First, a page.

Since Penn President Amy Gutmann's appointment in 2004, she has overseen Penn Connects, which serves as the physical manifestation of her vision for the University and included the construction of New College House, Penn Park, and the Singh Center for Nanotechnology. Now, the University’s long-term campus renovation plan is in the middle of its third iteration.
University Architect Mark Kocent, who works with Facilities and Real Estate Services, said Penn Connects 3.0 launched in 2017 and is currently on schedule to be completed by 2022.
The project includes improvements to existing structures and the construction of new buildings, specifically Penn's record-breaking $163 million dorm hall New College House West. Penn Connects 3.0 also includes efforts to improve sustainability on campus.
“One of our most sustainable goals on campus is to reinvest in existing buildings,” Kocent said.
Recent projects include the renovation of the Kelly Writers House and the Penn Museum. The Kelly Writers House reopened in January with increased space, improved acoustics, and technological upgrades for webcasting. Renovations in the Palestra and Franklin Field are also currently being considered.
Penn Connects 3.0 follows Penn Connects 1.0 and 2.0, the first and second iterations of the University's campus renovation plan. Penn Connects 1.0 began after Gutmann's appointment in 2004 and focused on enhancing previous design initiatives, including Locust and Woodland Walks. Penn Connects 2.0 began in 2006 and largely focused on developing a "major physical presence for Penn along the Schuylkill River," including Pennovation Works. Nearly all of the projects developed in Penn Connects 1.0 and 2.0 have been or will soon be completed, according to the Penn Connects website.
Kocent explained that the renovation plans outlined in Penn Connects stem from the Penn Compact 2020, a list of Gutmann's strategic goals for the University.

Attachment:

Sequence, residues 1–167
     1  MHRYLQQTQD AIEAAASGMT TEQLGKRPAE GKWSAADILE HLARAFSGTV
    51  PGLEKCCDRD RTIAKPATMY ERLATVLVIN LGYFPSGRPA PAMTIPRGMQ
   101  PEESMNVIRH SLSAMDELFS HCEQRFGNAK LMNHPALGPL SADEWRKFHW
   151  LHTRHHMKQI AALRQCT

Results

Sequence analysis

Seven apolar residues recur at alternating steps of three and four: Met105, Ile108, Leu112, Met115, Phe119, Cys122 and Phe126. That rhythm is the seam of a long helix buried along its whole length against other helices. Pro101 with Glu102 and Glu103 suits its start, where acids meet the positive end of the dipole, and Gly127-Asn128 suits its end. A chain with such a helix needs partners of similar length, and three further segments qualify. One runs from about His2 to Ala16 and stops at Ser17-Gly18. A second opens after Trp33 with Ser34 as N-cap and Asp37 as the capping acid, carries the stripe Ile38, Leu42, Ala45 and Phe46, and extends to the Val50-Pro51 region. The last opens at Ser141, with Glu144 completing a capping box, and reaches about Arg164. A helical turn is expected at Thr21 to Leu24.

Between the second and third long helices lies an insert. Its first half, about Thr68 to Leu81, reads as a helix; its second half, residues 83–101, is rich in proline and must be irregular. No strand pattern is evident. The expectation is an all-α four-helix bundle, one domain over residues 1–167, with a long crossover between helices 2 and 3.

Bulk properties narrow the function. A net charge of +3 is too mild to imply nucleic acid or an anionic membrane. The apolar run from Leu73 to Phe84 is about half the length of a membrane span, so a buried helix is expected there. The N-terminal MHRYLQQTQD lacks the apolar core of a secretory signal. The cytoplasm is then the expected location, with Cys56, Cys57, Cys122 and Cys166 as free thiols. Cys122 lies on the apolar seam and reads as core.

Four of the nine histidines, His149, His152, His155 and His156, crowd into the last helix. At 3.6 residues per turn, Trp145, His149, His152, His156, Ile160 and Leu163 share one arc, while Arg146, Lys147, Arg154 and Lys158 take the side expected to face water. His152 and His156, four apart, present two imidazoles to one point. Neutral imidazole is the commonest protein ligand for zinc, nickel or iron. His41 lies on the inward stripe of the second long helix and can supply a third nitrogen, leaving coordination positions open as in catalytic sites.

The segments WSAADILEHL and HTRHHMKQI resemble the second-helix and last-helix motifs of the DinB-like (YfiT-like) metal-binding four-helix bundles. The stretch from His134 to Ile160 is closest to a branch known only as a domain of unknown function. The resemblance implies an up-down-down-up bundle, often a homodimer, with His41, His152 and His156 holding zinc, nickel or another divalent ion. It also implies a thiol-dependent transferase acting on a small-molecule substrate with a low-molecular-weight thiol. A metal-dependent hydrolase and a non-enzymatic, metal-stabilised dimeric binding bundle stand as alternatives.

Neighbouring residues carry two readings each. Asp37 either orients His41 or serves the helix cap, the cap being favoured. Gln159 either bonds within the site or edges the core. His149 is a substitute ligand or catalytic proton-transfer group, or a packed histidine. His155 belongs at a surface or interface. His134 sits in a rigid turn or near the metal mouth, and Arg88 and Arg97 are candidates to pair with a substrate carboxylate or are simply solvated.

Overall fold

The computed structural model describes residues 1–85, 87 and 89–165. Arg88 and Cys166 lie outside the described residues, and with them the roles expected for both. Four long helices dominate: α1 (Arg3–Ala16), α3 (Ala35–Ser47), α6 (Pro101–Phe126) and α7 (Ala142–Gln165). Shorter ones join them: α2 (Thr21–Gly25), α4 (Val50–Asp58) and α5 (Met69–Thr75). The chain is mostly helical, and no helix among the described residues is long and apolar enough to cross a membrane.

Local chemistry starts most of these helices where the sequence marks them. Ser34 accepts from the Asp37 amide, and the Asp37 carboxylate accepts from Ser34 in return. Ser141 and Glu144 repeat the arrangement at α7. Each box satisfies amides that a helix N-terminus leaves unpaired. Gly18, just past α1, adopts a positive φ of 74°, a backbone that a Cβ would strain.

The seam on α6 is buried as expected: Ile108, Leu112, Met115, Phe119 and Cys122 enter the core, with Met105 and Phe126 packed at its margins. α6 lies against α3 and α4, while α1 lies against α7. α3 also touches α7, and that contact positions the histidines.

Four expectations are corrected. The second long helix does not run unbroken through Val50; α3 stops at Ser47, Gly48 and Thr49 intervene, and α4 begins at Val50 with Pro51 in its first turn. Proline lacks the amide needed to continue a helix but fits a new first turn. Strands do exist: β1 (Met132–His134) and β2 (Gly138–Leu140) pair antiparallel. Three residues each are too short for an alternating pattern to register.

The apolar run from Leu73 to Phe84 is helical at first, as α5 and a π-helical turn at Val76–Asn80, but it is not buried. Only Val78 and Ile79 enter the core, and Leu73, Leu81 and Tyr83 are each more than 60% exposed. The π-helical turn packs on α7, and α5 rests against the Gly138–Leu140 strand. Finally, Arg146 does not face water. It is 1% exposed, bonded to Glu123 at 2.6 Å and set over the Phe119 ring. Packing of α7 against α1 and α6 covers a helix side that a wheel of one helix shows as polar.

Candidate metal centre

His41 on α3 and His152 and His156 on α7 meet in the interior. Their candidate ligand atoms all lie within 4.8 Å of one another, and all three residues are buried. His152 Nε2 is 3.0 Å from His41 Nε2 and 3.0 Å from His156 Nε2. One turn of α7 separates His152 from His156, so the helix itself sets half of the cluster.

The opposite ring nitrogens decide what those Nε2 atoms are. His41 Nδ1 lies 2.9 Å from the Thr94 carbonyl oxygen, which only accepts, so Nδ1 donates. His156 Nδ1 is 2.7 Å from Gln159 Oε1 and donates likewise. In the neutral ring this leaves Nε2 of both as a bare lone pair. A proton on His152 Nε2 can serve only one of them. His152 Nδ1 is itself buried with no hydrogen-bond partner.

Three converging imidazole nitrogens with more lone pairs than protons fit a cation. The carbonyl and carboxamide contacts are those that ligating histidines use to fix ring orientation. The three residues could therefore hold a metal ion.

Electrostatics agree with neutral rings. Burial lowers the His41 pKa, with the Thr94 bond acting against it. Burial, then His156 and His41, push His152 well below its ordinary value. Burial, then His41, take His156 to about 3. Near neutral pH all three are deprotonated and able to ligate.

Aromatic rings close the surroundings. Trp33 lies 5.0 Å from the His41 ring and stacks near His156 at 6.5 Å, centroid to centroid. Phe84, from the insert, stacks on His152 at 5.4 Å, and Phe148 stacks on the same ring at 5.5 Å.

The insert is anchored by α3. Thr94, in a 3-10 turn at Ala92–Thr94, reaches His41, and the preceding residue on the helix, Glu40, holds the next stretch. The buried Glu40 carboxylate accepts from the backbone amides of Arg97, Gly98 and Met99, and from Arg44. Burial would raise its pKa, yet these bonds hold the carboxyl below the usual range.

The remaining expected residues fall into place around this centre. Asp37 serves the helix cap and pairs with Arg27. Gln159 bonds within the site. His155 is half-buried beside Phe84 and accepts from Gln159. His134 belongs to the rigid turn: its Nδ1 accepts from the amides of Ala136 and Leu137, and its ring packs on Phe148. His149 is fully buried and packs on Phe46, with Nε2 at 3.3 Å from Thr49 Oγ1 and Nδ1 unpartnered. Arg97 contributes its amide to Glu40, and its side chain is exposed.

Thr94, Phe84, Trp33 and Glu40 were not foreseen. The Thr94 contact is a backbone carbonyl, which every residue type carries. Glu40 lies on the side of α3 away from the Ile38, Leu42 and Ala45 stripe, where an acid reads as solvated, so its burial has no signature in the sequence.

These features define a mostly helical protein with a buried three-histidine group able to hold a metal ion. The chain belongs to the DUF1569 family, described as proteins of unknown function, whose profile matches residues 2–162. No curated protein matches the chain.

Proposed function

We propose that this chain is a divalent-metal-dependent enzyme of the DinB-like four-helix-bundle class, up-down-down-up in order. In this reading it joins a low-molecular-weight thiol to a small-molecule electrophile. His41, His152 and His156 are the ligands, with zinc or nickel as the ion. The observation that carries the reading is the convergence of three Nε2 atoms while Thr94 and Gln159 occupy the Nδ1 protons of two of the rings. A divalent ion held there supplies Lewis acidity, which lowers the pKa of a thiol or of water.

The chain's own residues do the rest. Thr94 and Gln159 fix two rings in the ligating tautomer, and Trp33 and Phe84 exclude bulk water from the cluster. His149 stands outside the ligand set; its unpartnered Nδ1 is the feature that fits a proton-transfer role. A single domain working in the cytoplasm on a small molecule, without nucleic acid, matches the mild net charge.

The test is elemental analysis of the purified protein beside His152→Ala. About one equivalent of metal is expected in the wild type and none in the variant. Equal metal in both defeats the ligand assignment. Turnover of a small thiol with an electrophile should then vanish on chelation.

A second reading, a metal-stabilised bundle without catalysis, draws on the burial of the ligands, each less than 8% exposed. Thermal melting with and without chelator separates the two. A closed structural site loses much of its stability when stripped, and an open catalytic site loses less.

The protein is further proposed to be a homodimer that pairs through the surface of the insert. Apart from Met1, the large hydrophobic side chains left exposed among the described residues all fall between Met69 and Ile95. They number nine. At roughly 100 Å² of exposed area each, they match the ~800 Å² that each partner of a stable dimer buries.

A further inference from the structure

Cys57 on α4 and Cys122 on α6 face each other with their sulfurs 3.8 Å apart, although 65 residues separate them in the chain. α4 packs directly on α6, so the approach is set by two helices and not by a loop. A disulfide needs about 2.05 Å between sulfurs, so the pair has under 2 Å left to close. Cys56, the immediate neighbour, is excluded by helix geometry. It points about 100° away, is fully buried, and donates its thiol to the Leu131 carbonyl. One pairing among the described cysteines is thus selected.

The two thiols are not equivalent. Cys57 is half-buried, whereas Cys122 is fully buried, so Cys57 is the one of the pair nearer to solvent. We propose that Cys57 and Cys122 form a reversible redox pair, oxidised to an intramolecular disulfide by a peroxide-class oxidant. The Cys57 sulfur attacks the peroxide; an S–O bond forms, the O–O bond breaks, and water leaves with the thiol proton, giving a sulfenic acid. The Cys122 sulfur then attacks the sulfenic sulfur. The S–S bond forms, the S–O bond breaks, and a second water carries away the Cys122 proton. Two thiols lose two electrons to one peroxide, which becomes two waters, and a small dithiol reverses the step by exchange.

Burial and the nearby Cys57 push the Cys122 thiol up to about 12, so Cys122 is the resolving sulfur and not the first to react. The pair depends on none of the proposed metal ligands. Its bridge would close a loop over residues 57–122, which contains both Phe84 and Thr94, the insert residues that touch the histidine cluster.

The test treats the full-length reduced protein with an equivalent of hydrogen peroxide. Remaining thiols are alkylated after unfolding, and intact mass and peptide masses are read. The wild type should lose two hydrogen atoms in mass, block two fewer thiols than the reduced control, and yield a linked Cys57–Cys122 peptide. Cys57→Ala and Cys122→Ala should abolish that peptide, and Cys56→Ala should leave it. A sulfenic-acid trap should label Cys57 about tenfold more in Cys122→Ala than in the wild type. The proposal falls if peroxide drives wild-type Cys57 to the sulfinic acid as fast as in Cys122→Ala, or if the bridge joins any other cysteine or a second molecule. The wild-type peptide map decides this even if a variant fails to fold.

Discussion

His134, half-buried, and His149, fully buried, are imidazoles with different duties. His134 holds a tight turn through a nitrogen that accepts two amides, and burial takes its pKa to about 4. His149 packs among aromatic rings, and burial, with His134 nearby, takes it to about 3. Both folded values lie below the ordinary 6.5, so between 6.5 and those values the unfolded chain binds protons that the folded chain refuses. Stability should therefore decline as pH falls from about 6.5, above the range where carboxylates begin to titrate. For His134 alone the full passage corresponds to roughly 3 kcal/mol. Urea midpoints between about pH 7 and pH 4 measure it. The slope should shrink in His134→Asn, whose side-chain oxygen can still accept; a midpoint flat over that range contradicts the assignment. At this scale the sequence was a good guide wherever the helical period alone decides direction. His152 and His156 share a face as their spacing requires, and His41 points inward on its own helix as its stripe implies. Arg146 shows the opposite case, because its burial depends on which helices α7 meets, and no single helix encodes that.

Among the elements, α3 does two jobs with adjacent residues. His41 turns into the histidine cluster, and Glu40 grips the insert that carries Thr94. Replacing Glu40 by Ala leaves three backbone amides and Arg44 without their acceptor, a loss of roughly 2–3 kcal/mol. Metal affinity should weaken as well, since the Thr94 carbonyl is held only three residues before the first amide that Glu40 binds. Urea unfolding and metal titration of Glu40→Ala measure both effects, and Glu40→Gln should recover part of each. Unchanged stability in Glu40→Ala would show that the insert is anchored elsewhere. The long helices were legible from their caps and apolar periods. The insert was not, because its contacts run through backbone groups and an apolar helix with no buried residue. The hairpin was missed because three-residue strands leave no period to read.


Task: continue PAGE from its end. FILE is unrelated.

“[Penn Connects] is kind of a broad picture of what the school’s vision for themselves is,” Kocent said.
Kocent also outlined the process of how students can provide input in the design of buildings, which includes surveys and mockups of bedrooms and bathrooms. Recently, such surveys were sent out during the construction of NCHW.
College and Wharton junior Maria Curry, who is also the Undergraduate Assembly Dining, Housing, and Transit director, echoed the importance of student input in campus renovation plans.
Administrative services typically reach out to students as part of relevant programs when specific buildings are renovated or built, Curry said. But a common issue she notices is that students often do not participate in voicing their opinions to the administration.
“I think it’s more of a communication issue,” Curry said.
Moving forward, Curry cited the bedroom and bathroom design survey that will be distributed to students as NCHW — which is set to open in 2021 — nears its completion. She also wants to improve the ways in which student input is gathered and considered in campus facilities' plans, a project she believes will continue after her graduation.
“I want students to know they have the opportunities they currently have and I want to market those opportunities better,” Curry said.
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